Last night was the first performance of this year’s production by the Glenn Gould Opera School at the Royal Conservatory.; the piece being Cavalli’s 1651 work La Calisto. It’s one of those mythologically based pieces with a rather convoluted plot. It starts with a prologue where various allegorical figures explain why Calisto, a nymph, should be immortalised as a constellation and then we flashback to the main action. Jove (natch) fancies Calisto who is a chaste (and chased) devotee of the virgin huntress Diana. With the help of Mercury Jove disguises himself as Diana and seduces Calisto. This makes Diana and Juno (inevitably) very unhappy and Calisto is turned into a bear by the Furies though Jove reassures her that she will end up as a star. Meanwhile there’s also sorts of stuff going on with Diana and a shepherd, Pan, assorted nymphs and a satyr. Various permutations of women playing men pretending to be women etc allow for all sorts of broad sexual humour plus goat on goat action. So it’s an odd blend of serious classical myth and pastoral farce that works better when it doesn’t try to be too intellectual.
Although written as a vehicle for displaying the latest and greatest in Venetian 17th century theatrical pyrotechnics the constraints of Koerner Hall meant that the creative team of Brent Krysa, director, Michael Gianfrancesco, sets, Kimberly Purtell, lighting, and Erika Connor, costumes had to restrain themselves a bit. They created a sort of classical Greece meets high Victorian aesthetic (Jove in a reddingcoat, Diana in a riding habit etc) that worked quite well when supplemented by imaginative lighting. What they, and music director Adam Burnette, could not manage was an authentically 17th century Venetian sound. The rather plummy acoustics of Koerner Hall plus the wide range of vocal types deployed rather undermined the kind of dry precision I’m used to hearing in this repertoire.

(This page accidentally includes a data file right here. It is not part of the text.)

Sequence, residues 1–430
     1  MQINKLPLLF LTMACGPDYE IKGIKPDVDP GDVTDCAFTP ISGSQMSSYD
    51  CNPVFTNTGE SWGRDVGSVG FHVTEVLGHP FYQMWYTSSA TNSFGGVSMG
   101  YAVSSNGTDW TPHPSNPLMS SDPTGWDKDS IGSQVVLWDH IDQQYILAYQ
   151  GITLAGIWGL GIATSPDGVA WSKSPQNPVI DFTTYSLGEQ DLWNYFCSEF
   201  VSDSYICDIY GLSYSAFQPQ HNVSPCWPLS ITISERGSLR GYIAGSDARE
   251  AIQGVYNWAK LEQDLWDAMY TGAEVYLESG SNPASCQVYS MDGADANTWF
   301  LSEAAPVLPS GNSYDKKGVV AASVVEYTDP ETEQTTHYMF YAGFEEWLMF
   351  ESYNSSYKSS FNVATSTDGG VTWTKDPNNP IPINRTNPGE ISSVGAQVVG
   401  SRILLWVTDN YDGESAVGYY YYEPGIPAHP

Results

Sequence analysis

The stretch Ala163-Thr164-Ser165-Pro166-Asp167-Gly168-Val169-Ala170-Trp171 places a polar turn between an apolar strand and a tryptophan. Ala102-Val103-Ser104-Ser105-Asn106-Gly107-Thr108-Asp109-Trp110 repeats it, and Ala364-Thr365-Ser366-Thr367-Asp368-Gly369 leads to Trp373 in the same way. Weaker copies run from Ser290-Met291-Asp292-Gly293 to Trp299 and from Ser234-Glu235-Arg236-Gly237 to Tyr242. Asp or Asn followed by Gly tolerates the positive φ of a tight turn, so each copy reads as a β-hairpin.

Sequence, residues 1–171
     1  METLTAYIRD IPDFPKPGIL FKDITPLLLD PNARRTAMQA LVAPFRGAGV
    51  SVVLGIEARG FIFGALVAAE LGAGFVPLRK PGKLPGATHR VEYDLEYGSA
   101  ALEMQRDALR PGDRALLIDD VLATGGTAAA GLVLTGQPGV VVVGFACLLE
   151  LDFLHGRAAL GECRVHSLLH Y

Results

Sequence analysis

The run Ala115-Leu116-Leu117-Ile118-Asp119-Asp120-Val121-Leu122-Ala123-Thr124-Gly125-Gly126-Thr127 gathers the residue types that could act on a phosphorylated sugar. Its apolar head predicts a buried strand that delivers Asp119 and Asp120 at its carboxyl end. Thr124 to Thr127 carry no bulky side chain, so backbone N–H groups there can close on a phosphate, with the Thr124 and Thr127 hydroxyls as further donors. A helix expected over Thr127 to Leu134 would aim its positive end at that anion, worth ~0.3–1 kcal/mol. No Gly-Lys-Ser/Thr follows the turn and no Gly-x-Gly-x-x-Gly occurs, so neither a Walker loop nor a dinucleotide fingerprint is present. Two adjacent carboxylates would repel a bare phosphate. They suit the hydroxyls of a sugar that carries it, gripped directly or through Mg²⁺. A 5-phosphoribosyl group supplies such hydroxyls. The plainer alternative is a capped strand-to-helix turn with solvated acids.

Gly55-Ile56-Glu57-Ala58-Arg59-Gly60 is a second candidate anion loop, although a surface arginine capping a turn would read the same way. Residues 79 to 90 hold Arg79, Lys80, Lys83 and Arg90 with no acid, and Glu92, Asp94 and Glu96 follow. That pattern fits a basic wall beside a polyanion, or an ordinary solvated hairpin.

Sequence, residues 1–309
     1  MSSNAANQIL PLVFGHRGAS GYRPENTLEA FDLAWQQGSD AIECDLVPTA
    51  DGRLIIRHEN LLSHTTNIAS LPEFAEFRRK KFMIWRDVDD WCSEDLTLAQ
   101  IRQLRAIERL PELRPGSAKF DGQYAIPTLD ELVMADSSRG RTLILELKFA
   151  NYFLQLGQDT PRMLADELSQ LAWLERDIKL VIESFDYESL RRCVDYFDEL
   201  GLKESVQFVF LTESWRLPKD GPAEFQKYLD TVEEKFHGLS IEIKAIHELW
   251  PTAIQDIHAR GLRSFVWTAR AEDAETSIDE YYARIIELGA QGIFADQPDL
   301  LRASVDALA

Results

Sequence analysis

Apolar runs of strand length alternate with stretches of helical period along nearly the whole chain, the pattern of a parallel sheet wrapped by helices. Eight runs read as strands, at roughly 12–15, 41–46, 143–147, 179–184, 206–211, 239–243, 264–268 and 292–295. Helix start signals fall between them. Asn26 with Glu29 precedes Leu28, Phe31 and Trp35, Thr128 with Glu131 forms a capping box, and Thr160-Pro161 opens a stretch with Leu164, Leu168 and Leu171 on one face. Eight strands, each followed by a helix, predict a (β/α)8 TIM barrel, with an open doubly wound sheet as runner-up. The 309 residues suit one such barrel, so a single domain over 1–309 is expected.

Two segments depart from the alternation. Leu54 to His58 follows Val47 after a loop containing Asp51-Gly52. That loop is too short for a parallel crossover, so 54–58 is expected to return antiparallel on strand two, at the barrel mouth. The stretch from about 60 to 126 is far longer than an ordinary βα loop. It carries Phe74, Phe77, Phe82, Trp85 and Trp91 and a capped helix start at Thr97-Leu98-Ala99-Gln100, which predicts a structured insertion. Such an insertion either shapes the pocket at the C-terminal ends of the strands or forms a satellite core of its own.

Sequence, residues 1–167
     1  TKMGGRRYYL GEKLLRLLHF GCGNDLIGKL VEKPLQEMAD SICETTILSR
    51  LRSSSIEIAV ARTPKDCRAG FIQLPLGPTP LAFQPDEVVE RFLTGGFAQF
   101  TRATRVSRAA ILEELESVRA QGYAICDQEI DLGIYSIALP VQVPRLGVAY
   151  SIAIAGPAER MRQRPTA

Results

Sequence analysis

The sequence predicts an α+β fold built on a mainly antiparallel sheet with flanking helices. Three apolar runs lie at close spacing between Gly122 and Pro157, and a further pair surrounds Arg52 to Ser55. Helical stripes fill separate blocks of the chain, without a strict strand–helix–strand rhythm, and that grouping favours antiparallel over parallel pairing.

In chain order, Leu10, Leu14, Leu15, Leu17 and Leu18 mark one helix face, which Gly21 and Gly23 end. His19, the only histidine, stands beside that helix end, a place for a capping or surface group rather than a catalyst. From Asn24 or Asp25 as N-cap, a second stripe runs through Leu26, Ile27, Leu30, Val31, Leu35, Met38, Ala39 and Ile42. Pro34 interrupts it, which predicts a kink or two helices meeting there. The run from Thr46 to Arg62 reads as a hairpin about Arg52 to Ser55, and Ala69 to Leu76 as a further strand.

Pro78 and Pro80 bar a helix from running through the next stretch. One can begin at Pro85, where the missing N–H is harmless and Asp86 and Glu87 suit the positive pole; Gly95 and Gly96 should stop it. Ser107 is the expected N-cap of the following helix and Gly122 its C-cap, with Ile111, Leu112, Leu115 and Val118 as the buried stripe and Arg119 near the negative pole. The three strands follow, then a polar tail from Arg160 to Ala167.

The performances were generally pretty good for a student production if, as noted above, not quite “of a piece”. The pair of Maciej Bujnowicz as Jove and Danielle MacMillan as Diana were sufficiently physically well matched to pull off the personality swaps and both sang well enough. Lucy Fitz Gibbon as Calisto had a lot to do and she acted and sang quite adequately but didn’t really project much individuality. There were good comic turns from Justin Stolz as Pan (much the biggest voice on show and perhaps a bit out of style) and mezzo Ruth d’Souza as Satirino. Maybe the star of the show was the Linfea of Jennifer Krabbe. She got a lot out of the relatively minor role of the nerdy nymph who just wants to get laid (though preferably not by a goat). The small band of authentic instruments; recorders, theorbo, giant lute etc were appropriate for the scale of the performance.
All in all, a worthy effort but not as much fun as last year’s French frivolity.